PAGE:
From one of America's most renowned film scholars: a revelatory, perceptive, and highly readable look at the greatest silent film stars -- not those few who are fully appreciated and understood, like Chaplin, Keaton, Gish, and Garbo, but those who have been misperceived, unfairly dismissed, or forgotten.
Here is Valentino, "the Sheik," who was hardly the effeminate lounge lizard he's been branded as; Mary Pickford, who couldn't have been further from the adorable little creature with golden ringlets that was her film persona; Marion Davies, unfairly pilloried in Citizen Kane; the original "Phantom" and "Hunchback," Lon Chaney; the beautiful Talmadge sisters, Norma and Constance. Here are the great divas, Pola Negri and Gloria Swanson; the great flappers, Colleen Moore and Clara Bow; the great cowboys, William S. Hart and Tom Mix; and the great lover, John Gilbert. Here, too, is the quintessential slapstick comedienne, Mabel Normand, with her Keystone Kops; the quintessential all-American hero, Douglas Fairbanks; and, of course, the quintessential all-American dog, Rin-Tin-Tin.
This is the first book to anatomize the major silent players, reconstruct their careers, and give us a sense of what those films, those stars, and that Hollywood were all about. An absolutely essential text for anyone seriously interested in movies, and, with more than three hundred photographs, as much a treat to look at as it is to read.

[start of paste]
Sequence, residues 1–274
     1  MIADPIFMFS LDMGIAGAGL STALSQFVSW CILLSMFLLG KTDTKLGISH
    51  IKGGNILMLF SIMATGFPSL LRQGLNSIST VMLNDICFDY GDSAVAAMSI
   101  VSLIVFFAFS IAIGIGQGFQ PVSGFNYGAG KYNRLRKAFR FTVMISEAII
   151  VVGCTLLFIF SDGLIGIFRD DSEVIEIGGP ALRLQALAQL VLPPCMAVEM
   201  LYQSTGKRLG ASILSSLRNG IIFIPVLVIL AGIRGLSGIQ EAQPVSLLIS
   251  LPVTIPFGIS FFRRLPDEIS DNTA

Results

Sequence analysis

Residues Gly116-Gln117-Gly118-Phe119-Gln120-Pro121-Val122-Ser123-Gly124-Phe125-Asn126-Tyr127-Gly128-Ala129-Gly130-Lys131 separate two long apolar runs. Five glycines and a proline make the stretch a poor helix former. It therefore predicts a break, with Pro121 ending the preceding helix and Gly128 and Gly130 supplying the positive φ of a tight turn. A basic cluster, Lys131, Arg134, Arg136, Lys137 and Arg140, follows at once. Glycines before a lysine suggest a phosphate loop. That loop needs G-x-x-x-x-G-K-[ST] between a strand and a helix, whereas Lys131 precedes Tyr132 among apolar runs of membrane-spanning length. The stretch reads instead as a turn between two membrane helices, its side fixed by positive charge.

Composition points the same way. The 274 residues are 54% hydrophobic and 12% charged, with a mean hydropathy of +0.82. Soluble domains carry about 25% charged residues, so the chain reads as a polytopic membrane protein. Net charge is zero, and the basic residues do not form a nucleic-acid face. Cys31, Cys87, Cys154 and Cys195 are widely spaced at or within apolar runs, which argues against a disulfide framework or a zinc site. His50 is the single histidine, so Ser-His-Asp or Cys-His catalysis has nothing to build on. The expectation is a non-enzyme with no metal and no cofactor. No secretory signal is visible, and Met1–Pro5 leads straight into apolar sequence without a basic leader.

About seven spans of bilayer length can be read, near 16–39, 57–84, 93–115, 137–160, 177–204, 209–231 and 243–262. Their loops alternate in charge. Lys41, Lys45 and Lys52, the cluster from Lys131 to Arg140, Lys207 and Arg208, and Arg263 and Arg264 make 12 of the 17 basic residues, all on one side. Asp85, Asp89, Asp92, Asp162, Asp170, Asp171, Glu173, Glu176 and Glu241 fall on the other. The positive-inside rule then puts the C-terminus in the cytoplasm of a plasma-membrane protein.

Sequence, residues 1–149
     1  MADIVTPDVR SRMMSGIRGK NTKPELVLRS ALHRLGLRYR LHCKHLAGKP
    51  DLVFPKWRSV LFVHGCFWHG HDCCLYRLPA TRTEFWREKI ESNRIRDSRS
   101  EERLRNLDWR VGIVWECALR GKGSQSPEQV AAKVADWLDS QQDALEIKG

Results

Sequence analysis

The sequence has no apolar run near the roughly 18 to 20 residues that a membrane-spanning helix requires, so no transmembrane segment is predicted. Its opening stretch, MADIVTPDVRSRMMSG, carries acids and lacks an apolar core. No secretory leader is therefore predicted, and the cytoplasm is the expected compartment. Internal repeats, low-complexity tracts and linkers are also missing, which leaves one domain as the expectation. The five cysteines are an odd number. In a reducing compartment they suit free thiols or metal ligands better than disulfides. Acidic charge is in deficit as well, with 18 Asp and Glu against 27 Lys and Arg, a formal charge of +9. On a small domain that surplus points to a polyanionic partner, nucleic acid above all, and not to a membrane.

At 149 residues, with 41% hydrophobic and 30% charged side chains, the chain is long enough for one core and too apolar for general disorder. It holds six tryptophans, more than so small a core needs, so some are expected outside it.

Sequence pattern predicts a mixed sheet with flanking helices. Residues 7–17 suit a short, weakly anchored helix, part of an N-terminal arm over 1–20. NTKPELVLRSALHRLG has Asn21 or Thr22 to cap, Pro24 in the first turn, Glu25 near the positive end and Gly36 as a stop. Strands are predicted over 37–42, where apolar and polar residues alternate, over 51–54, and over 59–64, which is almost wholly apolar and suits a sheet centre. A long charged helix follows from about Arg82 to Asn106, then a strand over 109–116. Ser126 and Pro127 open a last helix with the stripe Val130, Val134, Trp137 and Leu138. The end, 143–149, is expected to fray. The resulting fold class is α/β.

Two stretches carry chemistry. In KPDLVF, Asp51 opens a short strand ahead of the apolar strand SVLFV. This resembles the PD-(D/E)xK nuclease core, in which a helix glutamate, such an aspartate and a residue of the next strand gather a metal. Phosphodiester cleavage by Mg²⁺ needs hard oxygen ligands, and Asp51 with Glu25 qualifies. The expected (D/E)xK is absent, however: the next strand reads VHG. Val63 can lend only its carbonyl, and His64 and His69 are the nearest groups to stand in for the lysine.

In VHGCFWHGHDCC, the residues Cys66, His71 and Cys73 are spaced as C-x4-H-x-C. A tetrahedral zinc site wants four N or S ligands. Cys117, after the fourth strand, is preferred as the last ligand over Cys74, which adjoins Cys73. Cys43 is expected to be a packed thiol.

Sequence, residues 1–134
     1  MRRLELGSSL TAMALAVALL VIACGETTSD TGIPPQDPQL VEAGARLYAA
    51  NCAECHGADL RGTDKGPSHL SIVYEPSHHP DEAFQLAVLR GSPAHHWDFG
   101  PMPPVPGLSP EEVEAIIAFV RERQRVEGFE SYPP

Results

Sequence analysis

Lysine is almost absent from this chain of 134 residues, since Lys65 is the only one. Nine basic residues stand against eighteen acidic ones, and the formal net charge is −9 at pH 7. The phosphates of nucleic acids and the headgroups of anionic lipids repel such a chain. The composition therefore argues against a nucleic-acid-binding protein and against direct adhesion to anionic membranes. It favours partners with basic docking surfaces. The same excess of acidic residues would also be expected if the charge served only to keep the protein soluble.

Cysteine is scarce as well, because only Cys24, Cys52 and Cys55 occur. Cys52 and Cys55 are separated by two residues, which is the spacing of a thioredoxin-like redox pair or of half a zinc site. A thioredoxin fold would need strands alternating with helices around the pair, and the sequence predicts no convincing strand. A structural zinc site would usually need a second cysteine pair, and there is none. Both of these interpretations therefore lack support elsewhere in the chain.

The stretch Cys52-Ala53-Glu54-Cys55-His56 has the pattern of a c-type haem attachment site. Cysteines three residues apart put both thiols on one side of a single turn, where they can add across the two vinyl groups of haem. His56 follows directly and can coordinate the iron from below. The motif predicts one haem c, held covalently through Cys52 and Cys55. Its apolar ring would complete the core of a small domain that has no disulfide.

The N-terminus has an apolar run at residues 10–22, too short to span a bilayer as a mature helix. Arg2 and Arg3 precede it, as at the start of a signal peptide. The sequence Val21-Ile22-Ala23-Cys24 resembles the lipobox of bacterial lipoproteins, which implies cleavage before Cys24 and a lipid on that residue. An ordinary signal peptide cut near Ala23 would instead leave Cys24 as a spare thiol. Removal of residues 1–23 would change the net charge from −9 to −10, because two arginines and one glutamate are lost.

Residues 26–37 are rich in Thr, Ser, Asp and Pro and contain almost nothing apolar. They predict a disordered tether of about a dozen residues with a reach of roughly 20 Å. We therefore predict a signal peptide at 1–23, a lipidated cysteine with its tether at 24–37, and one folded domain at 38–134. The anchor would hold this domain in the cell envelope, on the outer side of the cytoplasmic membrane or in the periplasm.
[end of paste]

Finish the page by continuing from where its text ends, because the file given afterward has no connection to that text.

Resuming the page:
Rudolph Valentino, Gloria Swanson, Tom Mix and dozens of others are the "forgotten, misunderstood, and underappreciated" stars whom film historian Basinger (A Woman's View, etc.) profiles in her excellent tribute to the silent film era. No tell-all, this book recreates the excitement the actors provoked while illustrating the nature of their appeal. Colleen Moore's onscreen transformation from maiden to flapper "is the exact story of what happened to the American girl" in the 1920s; tight-lipped William S. Hart provided the "first and truest face in the Old American West on film." Basinger also discerns the strengths lost in historical caricature: Mary Pickford's roles revealed a range far beyond that of "America's Sweetheart"; Marion Davies's successful career belies her legacy as inspiration for the off-key singer Susan Alexander in Citizen Kane. Not surprisingly, a recurrent theme is the ephemerality of fame. Not only do most silent stars' careers (famously, John Gilbert's) end with the talkies, but the near-obscurity of these actors today suggests that, for anyone, it's a mere four generations from footlight to footnote. While Basinger's blend of erudition and reportage often translates into an impersonal style, it is redeemed by her love of the subject and a Margaret Dumont-like lack of irony that allows her to assert, "The astonishing thing about watching Rin-Tin-Tin is that you begin to agree that this dog could act." Learned and wholehearted, the book is classic Basinger fare: effortless history that sets no fires but quickly establishes its necessity. 285 photos. Main selection of Eagle Book Club's Movie and Entertainment Book Club.